When the Nasdaq jumped 4.3% on Tuesday, the tech index made a case that it was ready to start a new uptrend. But it wasn't the most convincing of cases. For starters, my growth screens were virtually empty of buy candidates with good setups. Technical breakouts from fundamentally strong stocks are always good to see in the early stages of a rally, but they've been virtually nonexistent up to this point -- a yellow flag.
Technical breakouts in heavy volume in the early stages of an uptrend are an indication that institutional investors have moved from defense to offense. It's not happening now, however. Institutions are still playing defense, sending utilities and other defensive groups higher. These groups are typically not the stuff of market leadership. However, it's apparent that investors continue to seek out yield in areas other than bonds, so it makes sense to consider some utility plays.
One of my favorites is ITC Holdings (ITC). The company, with a market capitalization of $3.8 billion, is the largest independent electricity transmission company in the country.
The company has a strong balance sheet with consistent bottom- and top-line growth in recent quarters. Full-year profit in 2011 is expected to rise 17% to $3.33 a share and 22% in 2012 to $4.05.
It has a healthy chart as well. On Wednesday, the stock staged a heavy-volume breakout over $73.22. During Thursday's market decline, it held up relatively well, falling just $0.24 to $74.93.
In the end, I believe ITC works in this environment where growth stocks -- and the market in general -- remain under pressure.
Another name that could continue to work here is American Campus Communities (ACC). It's a real-estate investment trust that has a powerful combination of good yield and relative price strength; not easy to find nowadays. The company develops and operates student housing properties in the U.S. It's a niche market, but niche markets can also be the fuel for nice growth -- and ACC shows it in recent quarters.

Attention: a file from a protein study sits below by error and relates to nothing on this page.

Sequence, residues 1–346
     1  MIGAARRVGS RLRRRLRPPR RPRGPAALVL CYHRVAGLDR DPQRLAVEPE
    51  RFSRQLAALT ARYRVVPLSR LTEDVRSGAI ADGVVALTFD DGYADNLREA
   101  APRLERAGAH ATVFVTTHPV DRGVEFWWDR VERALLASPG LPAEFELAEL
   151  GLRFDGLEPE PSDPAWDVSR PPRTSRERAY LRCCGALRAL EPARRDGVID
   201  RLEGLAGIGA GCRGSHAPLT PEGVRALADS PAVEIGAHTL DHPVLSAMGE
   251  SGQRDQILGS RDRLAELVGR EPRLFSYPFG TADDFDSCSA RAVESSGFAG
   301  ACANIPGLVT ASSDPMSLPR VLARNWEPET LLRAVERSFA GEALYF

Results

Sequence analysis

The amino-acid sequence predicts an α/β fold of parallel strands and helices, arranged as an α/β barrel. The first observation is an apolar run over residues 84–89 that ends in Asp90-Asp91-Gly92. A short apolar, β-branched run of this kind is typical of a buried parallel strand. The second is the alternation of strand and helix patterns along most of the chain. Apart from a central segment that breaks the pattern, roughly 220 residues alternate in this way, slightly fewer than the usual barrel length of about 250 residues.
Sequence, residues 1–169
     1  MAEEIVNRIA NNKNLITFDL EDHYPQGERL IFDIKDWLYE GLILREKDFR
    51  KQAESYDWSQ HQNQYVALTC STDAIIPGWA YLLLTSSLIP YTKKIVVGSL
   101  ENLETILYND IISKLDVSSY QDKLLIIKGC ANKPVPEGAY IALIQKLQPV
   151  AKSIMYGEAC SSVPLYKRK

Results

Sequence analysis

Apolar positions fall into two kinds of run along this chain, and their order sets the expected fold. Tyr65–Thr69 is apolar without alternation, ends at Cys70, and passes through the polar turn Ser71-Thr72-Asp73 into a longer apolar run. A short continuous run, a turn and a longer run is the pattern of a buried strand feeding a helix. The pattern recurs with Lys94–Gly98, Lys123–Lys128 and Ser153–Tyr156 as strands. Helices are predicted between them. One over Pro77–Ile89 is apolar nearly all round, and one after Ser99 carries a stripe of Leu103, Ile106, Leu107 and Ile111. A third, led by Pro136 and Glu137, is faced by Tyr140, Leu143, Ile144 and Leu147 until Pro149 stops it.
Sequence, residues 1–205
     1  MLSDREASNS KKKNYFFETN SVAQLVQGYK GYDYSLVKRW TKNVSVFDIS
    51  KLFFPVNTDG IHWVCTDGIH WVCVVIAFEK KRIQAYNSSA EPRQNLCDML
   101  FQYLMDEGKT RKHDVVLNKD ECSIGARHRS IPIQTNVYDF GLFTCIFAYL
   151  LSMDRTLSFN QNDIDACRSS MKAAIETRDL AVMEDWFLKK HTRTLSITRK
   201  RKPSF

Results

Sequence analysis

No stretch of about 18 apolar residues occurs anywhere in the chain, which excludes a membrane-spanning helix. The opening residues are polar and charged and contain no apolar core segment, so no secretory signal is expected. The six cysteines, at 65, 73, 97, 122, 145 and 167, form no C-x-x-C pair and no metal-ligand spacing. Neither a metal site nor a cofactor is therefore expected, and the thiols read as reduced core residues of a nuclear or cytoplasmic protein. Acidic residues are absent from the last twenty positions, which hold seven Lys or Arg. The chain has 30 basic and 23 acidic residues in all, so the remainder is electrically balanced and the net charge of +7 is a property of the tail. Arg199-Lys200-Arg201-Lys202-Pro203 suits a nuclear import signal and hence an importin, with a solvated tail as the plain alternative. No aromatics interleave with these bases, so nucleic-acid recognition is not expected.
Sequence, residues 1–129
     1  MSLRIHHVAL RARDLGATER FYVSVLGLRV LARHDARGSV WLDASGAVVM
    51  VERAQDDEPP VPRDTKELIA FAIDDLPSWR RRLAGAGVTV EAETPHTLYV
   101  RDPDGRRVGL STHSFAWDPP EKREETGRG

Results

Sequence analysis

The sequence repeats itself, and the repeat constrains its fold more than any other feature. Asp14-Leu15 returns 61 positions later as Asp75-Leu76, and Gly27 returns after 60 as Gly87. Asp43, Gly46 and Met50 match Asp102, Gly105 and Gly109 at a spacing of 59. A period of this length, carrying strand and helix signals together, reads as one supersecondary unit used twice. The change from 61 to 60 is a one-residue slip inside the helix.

ACC has been basing, or consolidating gains, for nearly five weeks. As of Thursday's close, it was holding tight near its highs, showing strength in an uncertain market.
In sum, lack of leadership in the market remains a concern. I wrote about this earlier in the week over on Real Money Pro, but it bears repeating: New leadership will eventually take shape when new institutional money starts to come in from the sidelines with conviction, but the leadership may not come from the usual suspects. For example, when I see Netflix (NFLX) trading underneath its 200-day moving average, I realize that when the market does eventually turn, there will most likely be better growth stocks to buy than this former leader. Keep in mind, Netflix is up more than 400% since March 2009. The run for all big winners eventually comes to an end, and it could be happening now with Netflix.
Meanwhile Baidu (BIDU) and Chipotle (CMG) are working on new bases, holding above their 40-week moving averages, but both have also made huge prices since the start of the party. I have to wonder if they're in the latter stages of price runs as well.